Reflecting on the heritage of Methodism and the Windrush Generation

Norman Mullings arrived in Britain from Jamaica in 1958, aged 18. 

In this interview, Norman, now a member of Harlesden Methodist Church, shares his experience of being a young black man having recently arrived in the UK.

The local Methodist church in north west London Norman visited more than fifty years ago is now a thriving, multicultural community where all are welcome. 

The Methodist Church has recognised its past failings around race and diversity and, in 2021, the Methodist Conference confirmed the implementation of the Justice, Dignity and Solidary Strategy to ensure that the Church continues its journey of change.

As we come to the end of Black History Month, this year marking 75 years since the arrival of the Windrush at Tilbury, The Revd Dr Reynaldo F. Leão-Neto, Global Communities Officer, offers this prayer that he shared at the London District Synod.

When someone knocks at the door in need of welcome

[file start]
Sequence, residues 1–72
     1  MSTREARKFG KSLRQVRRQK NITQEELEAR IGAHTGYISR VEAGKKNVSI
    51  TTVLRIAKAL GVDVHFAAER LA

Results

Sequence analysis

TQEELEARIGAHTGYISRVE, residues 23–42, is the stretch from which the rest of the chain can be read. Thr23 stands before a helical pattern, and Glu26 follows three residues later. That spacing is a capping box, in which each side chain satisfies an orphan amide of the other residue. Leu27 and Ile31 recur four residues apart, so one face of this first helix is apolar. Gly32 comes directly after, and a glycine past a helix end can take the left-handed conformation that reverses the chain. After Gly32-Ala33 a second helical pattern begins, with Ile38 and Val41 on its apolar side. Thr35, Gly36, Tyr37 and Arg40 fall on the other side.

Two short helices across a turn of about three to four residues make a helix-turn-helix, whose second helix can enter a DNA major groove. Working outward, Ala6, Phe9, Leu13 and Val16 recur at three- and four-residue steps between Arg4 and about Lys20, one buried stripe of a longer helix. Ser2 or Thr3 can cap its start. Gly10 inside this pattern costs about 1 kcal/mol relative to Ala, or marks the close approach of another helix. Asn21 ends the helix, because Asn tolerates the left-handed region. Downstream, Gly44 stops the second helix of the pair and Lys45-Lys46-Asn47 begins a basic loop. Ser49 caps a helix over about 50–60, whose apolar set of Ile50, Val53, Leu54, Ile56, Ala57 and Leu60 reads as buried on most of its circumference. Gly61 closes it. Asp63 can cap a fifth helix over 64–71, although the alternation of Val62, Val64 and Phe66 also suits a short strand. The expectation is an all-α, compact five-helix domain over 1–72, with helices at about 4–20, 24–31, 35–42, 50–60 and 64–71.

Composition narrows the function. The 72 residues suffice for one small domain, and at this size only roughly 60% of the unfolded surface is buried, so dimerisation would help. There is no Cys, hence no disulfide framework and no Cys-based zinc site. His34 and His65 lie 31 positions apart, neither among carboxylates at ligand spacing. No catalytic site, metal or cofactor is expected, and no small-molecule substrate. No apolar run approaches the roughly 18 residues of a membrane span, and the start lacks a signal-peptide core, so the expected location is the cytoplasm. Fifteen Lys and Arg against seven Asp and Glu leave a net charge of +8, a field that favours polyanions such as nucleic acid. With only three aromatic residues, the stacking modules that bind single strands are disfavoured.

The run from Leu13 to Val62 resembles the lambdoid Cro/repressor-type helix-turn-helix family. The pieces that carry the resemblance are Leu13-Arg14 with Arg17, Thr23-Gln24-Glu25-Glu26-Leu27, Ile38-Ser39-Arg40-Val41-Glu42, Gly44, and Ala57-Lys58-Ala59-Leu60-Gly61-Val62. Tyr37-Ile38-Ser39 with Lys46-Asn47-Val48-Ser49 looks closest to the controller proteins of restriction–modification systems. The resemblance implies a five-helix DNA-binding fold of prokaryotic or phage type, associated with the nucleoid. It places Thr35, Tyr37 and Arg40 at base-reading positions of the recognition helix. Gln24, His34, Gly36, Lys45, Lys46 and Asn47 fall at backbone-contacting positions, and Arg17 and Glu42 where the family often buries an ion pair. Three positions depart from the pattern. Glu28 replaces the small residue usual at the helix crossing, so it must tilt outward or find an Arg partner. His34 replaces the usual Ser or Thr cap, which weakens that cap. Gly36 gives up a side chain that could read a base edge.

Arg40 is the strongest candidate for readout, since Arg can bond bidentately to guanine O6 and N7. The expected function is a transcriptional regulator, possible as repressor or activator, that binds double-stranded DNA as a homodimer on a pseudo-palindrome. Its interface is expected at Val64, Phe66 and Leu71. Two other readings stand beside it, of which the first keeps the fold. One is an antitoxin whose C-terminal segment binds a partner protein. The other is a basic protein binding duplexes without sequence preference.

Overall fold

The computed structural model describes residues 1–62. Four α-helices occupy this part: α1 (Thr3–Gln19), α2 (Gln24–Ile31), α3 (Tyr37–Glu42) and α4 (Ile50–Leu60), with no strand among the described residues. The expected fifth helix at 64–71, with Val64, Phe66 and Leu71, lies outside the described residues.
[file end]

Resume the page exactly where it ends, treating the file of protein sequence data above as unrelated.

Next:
At home or in church
What shall my prayer be?

Loving God, who calls us to love as you love, perfectly
We regret that time and again there has been a lack of welcome
In your church for those who are from a different country, culture or language
In particular, when the Windrush generation arrived in these Islands

Jesus Christ present amongst us in the person of the migrant
We give thanks that we should be so blessed by your presence
So enriched by you remaining in our midst and our hearts burning within us
So touched by our gathering together now in honour and fellowship

Spirit of God, whose dynamism re-creates the world and the church
We rejoice that the ‘new’ arrivals never gave or give up on Methodism
That now there are so many of a different heritage and background in the church
Bringing a diversity to be cherished and loved

Triune God, around the table – gather us
As one people, your people
From all nations and ethnicities
To worship you in love for each other